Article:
Rails Event Store 1.0 — The Past, Present and Future

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Rails Event Store 1.0 — The Past, Present and Future

Rails Event Store is a Ruby library to persist, retrieve, publish and organize application architecture around domain events in an event-driven fashion. It’s not a database itself — it is built on top of an existing (typically SQL) data store in the application. It makes a great foundation for CQRS, Event Sourcing and loosely coupled components in applications driven by domain events.

We’ve just reached 1.0 milestone!

How it all started

It all is a part of “My Ruby Story”. I’ve joined Arkency in 2014 after a long time working as .NET developer. It was a completely new environment for me. At that time I’ve not known Ruby. I’ve heard something about Ruby On Rails, but I’ve never have any experience with dynamic languages.

You might ask how I was able to join experienced Ruby/Rails developers in Arkency? It is the same way you could join us now. By bringing other valuable experiences, or knowledge that will make our work more efficient.

My “assets” was a knowledge of Domain-Driven Design and experience in developing web applications. I’ve attended a Ruby User Group meetup in Wrocław, when I’ve explained to Ruby devs the concepts of DDD and in more details the Event Sourcing pattern. Two beers later I’ve become a Ruby developer ;)

The Rails Event Store prototype was “born” on one of our customer’s project. It was a way to solve the business problem. It was very “naive” implementation, with a lot of problems. But the job has been done. It has been working in production for a long time, gradually replaced by various Rails Event Store components. Piece by piece, until finally it has been replaced by Rails Event Store as a whole completely. The learnings from that migration have been described by Paweł in a blogpost.

The first “prototype” version of our event store has been only 248 lines of code. The current version of Rails Event Store is much bigger, it has more features, it supports different use cases and, what is really important, it is much better tested.

The only thing that has not changed is the project philosophy. We build thing we need in our day to day work on customer’s projects. Arkency client projects are to Rails Event Store what Basecamp is to Rails. We learn, sometimes the hard way, we define new needs, we implement them in Rails Event Store and as always we share our experiences on Arkency’s blog.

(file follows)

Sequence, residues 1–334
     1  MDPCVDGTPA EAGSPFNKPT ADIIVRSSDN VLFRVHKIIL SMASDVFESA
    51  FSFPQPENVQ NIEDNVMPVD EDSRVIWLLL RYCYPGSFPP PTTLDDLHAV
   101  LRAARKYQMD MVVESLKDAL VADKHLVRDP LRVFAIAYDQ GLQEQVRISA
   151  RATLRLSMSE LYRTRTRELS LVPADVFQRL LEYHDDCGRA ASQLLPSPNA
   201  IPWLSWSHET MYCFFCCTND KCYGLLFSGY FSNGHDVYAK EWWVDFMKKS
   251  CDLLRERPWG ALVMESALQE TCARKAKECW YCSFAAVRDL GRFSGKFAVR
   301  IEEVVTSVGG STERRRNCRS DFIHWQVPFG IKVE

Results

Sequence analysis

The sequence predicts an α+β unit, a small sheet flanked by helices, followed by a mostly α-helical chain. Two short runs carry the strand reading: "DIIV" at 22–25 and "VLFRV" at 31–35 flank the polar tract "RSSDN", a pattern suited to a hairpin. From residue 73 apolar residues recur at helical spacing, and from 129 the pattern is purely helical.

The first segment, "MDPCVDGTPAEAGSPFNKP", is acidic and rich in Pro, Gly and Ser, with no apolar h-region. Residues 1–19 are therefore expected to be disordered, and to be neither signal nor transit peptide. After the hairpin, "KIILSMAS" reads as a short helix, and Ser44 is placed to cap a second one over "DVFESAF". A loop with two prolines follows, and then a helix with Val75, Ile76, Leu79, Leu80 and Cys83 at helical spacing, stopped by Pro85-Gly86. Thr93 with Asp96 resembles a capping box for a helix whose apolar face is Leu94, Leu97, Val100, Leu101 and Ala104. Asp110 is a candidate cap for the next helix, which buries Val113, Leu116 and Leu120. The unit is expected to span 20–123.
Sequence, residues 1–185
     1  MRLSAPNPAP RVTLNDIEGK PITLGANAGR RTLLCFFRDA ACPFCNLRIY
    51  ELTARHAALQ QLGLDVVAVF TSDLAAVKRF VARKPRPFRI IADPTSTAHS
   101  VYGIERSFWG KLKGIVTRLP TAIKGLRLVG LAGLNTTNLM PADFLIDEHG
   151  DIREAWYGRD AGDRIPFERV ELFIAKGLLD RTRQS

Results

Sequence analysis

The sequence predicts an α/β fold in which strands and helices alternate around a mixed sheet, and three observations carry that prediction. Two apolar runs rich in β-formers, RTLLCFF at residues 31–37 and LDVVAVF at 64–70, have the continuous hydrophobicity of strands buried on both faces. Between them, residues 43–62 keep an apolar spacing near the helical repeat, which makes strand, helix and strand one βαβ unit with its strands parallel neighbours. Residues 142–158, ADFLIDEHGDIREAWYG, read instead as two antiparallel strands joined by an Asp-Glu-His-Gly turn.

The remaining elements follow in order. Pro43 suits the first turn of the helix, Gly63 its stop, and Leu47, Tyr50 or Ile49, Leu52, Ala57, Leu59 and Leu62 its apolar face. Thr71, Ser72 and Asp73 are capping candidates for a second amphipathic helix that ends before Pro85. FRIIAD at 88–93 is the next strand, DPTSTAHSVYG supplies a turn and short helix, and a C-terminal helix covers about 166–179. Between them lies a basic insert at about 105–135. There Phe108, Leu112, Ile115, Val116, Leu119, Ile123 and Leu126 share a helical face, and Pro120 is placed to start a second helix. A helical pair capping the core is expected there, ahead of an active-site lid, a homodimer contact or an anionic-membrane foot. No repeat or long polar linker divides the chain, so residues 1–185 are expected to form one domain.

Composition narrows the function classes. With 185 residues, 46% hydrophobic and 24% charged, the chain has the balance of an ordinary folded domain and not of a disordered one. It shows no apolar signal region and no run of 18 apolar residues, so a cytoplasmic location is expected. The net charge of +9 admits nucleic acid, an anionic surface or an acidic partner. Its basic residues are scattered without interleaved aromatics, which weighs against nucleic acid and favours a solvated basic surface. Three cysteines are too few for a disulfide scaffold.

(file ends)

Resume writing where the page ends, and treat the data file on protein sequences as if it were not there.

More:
What is it means to be 1.0

It’s just a milestone. In Rails Event Store we are using Semantic Versioning and we follow the versioning guidelines defined by it. We have reached the point where the answer for question “How do I know when to release 1.0.0” was “oops, we should have done that some time ago”. Rails Event Store is already used in production. Not only by us — there is no trivial project in Arkency where Rails Event Store is not part of the solution. Also by other companies and software houses in their ventures. The API is stable and with each release we worry not to break other projects that use Rails Event Store as a dependency.

This does not mean we now stop introducing changes. We will implement new things, also the ones that will change the public API. We will be following the SemVer versioning guidelines and preparing comprehensive changelogs — business as usual.

The roadmap

The project philosophy does not change. Arkency is a consulting agency. We implement ourselves the features we need the most for successful client projects. And we’re hesitant when adding the ones not widely used in production systems.

However Rails Event Store is bigger than us and is already used by dozens of companies. It is not uncommon to see other gems building on top of RES as well. We welcome any contribution that makes the project better for all and encourage experimenting.

What we will focus on now? The key elements will be:

  • improving documentation, describing how RES works and fits in the architecture of an application
  • support for quick prototyping of event-driven systems, to quickly garther and verify requirements
  • debugging API - to make troubleshooting production issues easier when they emerge
  • improved observability - logging, monitoring and metrics
  • better support for ongoing refactoring and refining with growing understanding of the system — domain events versioning
  • making it even easier to start with Event Sourcing using RES in new projects

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